At a Glance
Why Get Tested?
When to Get Tested?
Routinely as part of the blood tests done for a physical; when your doctor thinks that you have symptoms of a liver disorder or kidney disease; sometimes when you have an unintended weight loss, have symptoms associated with malnutrition, or prior to a planned surgery
A blood sample drawn from a vein in your arm
Test Preparation Needed?
The Test Sample
What is being tested?
This test measures the level of albumin in the blood. Albumin is a protein made by the liver. It makes up about 60% of the total protein in the blood and plays many roles. It keeps fluid from leaking out of blood vessels; nourishes tissues; and transports hormones, vitamins, drugs, and ions like calcium throughout the body. The concentration of albumin in the blood is a reflection of liver function and of nutritional status.
Levels of albumin may decrease, to a greater or lesser degree, when conditions interfere with its production, increase protein breakdown, increase protein loss, and/or expand plasma volume (diluting the blood). Some of these conditions include:
- Acute liver disease, cirrhosis
- Nephrotic syndrome due to kidney disease
- Chronic inflammatory diseases, inflammation
- Malnutrition and malabsorption
- Chronic illness
- Carcinoid syndrome
- Plasma volume expansion due to congestive heart failure, sometimes pregnancy
Albumin levels can rise when a person is dehydrated. This is a relative increase that occurs as the volume of plasma decreases.
How is the sample collected for testing?
A blood sample is taken by a needle from a vein.
NOTE: If undergoing medical tests makes you or someone you care for anxious, embarrassed, or even difficult to manage, you might consider reading one or more of the following articles: Coping with Test Pain, Discomfort, and Anxiety, Tips on Blood Testing, Tips to Help Children through Their Medical Tests, and Tips to Help the Elderly through Their Medical Tests.
Another article, Follow That Sample, provides a glimpse at the collection and processing of a blood sample and throat culture.
Is any test preparation needed to ensure the quality of the sample?
No test preparation is needed.
Ask a Laboratory Scientist
This form enables you to ask specific questions about your tests. Your questions will be answered by a laboratory scientist as part of a voluntary service provided by one of our partners, American Society for Clinical Laboratory Science. If your questions are not related to your lab tests, please submit them via our Contact Us form. Thank you.
* indicates a required field
NOTE: This article is based on research that utilizes the sources cited here as well as the collective experience of the Lab Tests Online Editorial Review Board. This article is periodically reviewed by the Editorial Board and may be updated as a result of the review. Any new sources cited will be added to the list and distinguished from the original sources used.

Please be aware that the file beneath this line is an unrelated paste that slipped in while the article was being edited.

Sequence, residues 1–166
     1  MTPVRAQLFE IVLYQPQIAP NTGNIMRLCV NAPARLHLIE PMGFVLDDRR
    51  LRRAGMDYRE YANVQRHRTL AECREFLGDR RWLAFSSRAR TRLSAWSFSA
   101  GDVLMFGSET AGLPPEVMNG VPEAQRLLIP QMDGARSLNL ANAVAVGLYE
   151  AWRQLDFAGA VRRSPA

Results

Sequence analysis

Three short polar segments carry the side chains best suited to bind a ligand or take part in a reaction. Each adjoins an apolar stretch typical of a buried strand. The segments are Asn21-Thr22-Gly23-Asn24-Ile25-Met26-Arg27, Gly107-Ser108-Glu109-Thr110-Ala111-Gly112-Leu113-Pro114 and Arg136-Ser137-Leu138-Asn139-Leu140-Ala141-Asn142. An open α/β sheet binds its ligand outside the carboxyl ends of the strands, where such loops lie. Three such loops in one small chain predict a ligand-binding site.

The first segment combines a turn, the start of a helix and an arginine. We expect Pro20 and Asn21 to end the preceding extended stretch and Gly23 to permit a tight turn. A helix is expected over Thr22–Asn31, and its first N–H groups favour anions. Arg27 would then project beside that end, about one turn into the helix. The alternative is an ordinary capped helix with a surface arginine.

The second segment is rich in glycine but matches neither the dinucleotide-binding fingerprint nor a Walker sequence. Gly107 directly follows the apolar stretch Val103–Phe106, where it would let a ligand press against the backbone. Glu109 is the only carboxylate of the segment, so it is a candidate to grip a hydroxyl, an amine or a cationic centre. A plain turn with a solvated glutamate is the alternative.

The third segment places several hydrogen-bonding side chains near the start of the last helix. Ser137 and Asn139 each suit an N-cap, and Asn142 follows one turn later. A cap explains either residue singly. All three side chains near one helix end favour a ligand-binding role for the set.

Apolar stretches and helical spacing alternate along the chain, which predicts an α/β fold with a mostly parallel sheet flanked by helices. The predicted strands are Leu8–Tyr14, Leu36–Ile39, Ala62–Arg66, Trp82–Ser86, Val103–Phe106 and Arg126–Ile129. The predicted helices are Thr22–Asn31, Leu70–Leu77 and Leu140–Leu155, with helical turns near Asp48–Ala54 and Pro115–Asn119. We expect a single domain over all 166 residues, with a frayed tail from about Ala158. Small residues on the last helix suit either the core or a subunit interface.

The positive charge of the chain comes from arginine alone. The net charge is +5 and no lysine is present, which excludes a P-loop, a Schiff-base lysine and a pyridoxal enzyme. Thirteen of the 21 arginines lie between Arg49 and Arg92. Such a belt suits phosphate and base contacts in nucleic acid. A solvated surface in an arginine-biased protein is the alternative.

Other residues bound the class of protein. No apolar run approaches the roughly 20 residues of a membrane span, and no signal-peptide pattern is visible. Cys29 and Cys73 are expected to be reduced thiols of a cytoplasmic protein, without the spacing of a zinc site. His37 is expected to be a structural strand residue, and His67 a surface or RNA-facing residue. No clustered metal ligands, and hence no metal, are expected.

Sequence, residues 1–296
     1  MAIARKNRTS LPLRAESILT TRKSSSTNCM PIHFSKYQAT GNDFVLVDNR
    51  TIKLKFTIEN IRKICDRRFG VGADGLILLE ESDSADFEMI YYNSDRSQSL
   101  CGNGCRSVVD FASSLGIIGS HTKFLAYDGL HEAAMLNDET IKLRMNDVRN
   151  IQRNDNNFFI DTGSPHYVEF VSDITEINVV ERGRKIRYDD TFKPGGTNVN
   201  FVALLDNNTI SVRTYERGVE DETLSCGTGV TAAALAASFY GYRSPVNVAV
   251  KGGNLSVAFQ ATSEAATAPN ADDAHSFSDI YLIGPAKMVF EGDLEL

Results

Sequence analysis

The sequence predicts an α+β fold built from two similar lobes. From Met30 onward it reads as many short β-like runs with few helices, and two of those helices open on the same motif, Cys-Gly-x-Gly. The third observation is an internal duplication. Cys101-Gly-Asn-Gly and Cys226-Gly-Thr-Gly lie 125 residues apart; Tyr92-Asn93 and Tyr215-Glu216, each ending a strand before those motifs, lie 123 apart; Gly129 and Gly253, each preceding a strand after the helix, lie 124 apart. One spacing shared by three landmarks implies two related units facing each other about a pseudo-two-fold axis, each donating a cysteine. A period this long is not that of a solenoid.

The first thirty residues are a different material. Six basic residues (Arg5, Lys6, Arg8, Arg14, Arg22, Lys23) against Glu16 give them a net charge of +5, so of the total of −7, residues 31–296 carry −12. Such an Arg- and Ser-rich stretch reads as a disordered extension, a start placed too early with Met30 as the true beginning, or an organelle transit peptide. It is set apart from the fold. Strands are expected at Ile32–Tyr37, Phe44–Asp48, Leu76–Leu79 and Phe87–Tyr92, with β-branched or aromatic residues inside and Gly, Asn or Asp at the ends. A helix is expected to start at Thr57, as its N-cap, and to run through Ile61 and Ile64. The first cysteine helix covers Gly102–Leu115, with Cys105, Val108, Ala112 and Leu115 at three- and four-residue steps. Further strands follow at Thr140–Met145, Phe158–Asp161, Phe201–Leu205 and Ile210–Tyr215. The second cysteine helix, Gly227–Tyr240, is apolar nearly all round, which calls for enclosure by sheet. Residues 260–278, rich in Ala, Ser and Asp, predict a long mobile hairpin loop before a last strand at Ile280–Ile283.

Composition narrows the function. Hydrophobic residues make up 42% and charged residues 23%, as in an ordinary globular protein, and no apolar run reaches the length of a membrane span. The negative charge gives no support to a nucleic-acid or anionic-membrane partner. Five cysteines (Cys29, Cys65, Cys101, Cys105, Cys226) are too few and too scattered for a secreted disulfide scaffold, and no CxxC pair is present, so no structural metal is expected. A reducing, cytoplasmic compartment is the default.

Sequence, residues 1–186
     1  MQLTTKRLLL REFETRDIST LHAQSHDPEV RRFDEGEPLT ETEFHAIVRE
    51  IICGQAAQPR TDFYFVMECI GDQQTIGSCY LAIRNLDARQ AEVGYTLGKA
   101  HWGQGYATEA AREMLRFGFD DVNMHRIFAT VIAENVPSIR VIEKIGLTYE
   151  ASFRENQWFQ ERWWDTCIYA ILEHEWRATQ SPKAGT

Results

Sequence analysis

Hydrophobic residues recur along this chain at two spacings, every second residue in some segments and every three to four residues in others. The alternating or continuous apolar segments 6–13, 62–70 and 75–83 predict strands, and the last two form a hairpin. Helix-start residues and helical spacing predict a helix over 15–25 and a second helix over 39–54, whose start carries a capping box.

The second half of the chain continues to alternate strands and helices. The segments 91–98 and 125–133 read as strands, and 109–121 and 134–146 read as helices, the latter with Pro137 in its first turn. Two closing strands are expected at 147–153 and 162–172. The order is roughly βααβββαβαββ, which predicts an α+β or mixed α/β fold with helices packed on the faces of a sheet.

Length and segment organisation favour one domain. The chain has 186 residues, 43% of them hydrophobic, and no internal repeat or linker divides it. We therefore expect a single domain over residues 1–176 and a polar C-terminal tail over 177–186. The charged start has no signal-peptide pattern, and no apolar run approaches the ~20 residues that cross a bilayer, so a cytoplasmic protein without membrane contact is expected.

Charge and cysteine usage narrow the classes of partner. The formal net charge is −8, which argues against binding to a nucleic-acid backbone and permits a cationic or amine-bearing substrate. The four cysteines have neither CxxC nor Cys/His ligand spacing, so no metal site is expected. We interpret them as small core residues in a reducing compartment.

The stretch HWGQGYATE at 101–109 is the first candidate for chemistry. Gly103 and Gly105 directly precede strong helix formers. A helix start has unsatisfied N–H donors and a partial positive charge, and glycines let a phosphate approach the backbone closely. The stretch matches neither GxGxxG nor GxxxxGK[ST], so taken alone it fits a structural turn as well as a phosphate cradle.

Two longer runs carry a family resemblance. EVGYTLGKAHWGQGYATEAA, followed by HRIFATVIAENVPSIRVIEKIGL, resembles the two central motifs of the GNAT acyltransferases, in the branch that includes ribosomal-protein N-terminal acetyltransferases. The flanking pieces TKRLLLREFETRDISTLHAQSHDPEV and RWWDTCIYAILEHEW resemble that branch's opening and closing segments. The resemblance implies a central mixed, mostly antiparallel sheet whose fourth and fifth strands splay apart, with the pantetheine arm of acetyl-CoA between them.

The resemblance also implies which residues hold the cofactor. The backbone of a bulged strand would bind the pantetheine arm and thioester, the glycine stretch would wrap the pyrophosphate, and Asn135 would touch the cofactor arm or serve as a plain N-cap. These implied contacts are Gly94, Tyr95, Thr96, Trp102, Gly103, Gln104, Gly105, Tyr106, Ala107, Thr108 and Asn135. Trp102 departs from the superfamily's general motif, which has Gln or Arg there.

Sources Used in Current Review
Dugdale, D. (Updated 2011 February 20). Albumin – serum. MedlinePlus Medical Encyclopedia [On-line information]. Available online at http://www.nlm.nih.gov/medlineplus/ency/article/003480.htm. Accessed January 2013.
Delgado, J. (Updated 2012 November). Proteins. ARUP Consult [On-line information]. Available online at http://www.arupconsult.com/Topics/Proteins.html?client_ID=LTD through http://www.arupconsult.com. Accessed January 2013.
Devaraj, S. (Updated 2012 January 5). Albumin. Medscape Reference [On-line information]. Available online at http://emedicine.medscape.com/article/2054430-overview#showall through http://emedicine.medscape.com. Accessed January 2013.
(© 1995-2013). Albumin, Serum. Mayo Clinic Mayo Medical Laboratories [On-line information]. Available online at http://www.mayomedicallaboratories.com/test-catalog/Overview/8436 through http://www.mayomedicallaboratories.com. Accessed January 2013.
Pagana, K. D. & Pagana, T. J. (© 2011). Mosby's Diagnostic and Laboratory Test Reference 10th Edition: Mosby, Inc., Saint Louis, MO. Pp 799-804.
Clarke, W., Editor (© 2011). Contemporary Practice in Clinical Chemistry 2nd Edition: AACC Press, Washington, DC. Pp 234.
McPherson, R. and Pincus, M. (© 2011). Henry's Clinical Diagnosis and Management by Laboratory Methods 22nd Edition: Elsevier Saunders, Philadelphia, PA. Pp 264-265.
Sources Used in Previous Reviews
Pagana, Kathleen D. & Pagana, Timothy J. (2001). Mosby's Diagnostic and Laboratory Test Reference 5th Edition: Mosby, Inc., Saint Louis, MO.
Pagana, K. D. & Pagana, T. J. (© 2007). Mosby's Diagnostic and Laboratory Test Reference 8th Edition: Mosby, Inc., Saint Louis, MO. Pp 775-780.
Clarke, W. and Dufour, D. R., Editors (© 2006). Contemporary Practice in Clinical Chemistry: AACC Press, Washington, DC. Pp 197-198.
Wu, A. (© 2006). Tietz Clinical Guide to Laboratory Tests, 4th Edition: Saunders Elsevier, St. Louis, MO. Pp 66-71.
Dugdale, III, D. (Updated 2009 February 23). Albumin – serum. MedlinePlus Medical Encyclopedia [On-line information]. Available online at http://www.nlm.nih.gov/medlineplus/ency/article/003480.htm. Accessed June 2009.
Shashidhar, H. and Grigsby, D. (Updated 2009 April 9). Malnutrition. eMedicine [On-line information]. Available online at http://emedicine.medscape.com/article/985140-overview through http://emedicine.medscape.com. Accessed June 2009.
Peralta, R. et. al. (Updated 2008 June 17). Hypoalbuminemia. eMedicine Critical Care [On-line information]. Available online at http://emedicine.medscape.com/article/166724-overview through http://emedicine.medscape.com. June 2009.
(Updated 2008 December). Proteins. ARUP Consult [On-line information]. Available online at http://www.arupconsult.com/Topics/GastrointestinalDz/NutritionalAssessment/Proteins.html through http://www.arupconsult.com. Accessed June 2009.